Wednesday, September 17, 2014

My first aid course and posture

I successfully renewed my first aid certificate recently. It was a great opportunity to reflect on our posture when we sit, stand and lie down.

This certificate enables my clients to claim Alexander Technique lessons on health insurance, just like physiotherapy or remedial massage. It is hard to imagine when first aid training might be needed in my clinic. No regrets though, as it will help if I'm on the scene of an accident. And there is always a slight possibility of someone having a fall or heart attack in benign circumstances.

The recent training course raised questions of posture, including how the head sits on top of the spine.

The instructor was in his 40s, he moved well. He rarely stood still, and rarely with his two feet parallel. Think Tai chi, boxing or a martial art - one foot was usually behind the other, and pointing to the side. Try it!

Others in the room did not move so well, and are likely to have more postural problems in later life. For long periods, many held a slump, crossed legs, or were twisted. Their spine would be curved in the wrong places, the deep postural muscles running along the back of the spine would not be used effectively, and other muscles would be compensating. OK for a short time, but I suspect it is habitual with these people. A few didn't even stand up during the short breaks. Scientific research now suggests two minutes walking for every 20 minutes of sitting.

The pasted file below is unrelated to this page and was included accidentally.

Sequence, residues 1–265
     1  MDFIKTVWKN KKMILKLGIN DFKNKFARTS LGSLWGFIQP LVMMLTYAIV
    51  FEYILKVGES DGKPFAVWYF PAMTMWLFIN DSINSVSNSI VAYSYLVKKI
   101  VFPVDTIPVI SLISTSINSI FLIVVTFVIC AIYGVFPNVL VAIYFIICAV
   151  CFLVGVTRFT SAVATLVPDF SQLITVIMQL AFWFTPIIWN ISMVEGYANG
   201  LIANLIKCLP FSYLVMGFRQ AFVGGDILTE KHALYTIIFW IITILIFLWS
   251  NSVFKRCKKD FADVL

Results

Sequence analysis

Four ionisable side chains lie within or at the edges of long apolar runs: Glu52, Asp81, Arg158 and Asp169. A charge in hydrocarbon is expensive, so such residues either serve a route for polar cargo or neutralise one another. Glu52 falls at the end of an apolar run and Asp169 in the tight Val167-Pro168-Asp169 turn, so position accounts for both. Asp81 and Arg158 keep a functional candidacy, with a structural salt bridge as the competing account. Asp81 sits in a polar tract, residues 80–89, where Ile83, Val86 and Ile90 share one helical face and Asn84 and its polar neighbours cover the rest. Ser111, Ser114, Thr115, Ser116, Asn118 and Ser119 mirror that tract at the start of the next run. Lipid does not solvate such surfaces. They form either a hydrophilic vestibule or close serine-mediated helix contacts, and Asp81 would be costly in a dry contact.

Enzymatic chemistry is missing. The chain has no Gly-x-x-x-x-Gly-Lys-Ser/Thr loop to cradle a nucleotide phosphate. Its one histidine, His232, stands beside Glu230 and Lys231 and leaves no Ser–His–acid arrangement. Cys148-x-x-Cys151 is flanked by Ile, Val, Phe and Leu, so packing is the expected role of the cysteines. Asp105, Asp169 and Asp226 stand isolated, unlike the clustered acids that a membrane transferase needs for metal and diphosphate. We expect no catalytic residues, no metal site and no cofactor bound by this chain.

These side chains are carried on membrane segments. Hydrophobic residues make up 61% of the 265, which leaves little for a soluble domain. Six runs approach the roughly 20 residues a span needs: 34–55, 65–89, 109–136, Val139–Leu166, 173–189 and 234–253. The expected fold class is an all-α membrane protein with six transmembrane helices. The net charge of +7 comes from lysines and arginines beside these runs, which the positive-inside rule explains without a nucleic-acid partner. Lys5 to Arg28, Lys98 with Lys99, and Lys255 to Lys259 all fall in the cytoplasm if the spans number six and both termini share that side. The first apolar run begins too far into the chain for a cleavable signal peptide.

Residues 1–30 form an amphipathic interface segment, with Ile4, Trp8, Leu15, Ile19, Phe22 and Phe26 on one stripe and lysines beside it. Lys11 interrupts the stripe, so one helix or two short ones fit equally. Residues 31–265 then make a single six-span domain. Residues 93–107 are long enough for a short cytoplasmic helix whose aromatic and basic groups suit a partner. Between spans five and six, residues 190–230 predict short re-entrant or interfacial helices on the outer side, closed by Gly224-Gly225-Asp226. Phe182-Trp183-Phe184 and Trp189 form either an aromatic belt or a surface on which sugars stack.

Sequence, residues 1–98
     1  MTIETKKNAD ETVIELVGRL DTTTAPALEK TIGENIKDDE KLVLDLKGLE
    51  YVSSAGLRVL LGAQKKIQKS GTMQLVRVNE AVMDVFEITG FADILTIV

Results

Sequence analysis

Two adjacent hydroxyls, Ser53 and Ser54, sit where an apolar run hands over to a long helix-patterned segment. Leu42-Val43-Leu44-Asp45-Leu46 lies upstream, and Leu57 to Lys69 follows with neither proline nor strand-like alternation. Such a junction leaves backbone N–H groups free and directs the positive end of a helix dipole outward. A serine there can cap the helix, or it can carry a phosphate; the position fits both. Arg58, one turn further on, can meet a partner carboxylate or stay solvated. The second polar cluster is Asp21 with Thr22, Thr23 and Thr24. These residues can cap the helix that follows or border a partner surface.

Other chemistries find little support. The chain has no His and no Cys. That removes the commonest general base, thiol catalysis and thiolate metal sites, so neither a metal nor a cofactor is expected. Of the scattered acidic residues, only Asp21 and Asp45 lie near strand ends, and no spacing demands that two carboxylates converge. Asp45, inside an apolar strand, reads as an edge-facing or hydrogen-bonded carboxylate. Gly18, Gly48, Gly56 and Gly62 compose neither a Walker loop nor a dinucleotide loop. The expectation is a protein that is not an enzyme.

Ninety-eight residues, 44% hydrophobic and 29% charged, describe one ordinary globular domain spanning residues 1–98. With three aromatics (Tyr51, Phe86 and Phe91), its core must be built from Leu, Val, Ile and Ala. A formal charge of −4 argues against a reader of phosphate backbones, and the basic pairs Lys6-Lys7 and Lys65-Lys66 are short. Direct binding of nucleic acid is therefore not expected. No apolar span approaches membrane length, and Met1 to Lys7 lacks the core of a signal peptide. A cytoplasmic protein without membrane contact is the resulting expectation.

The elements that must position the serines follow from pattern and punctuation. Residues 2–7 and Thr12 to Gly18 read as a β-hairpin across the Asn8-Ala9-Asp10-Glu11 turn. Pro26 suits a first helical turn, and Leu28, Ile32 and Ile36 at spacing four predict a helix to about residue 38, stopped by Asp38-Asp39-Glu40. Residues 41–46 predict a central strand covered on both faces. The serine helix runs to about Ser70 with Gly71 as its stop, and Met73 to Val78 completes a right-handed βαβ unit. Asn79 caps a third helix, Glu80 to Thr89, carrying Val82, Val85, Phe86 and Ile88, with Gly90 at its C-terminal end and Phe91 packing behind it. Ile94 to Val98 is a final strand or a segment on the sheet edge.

I found some interesting points in the written material. How to turn an unconscious, injured person onto their side so that their air passages don’t block is a core part of the training:  “Make sure you are rolling the body not twisting the spine”. The head needs to stay in alignment with the spine to minimise risks in case the neck has broken.

In our everyday life, this alignment of head and spine is also vital for long-term health, which is why it is central to the teaching of Alexander Technique.

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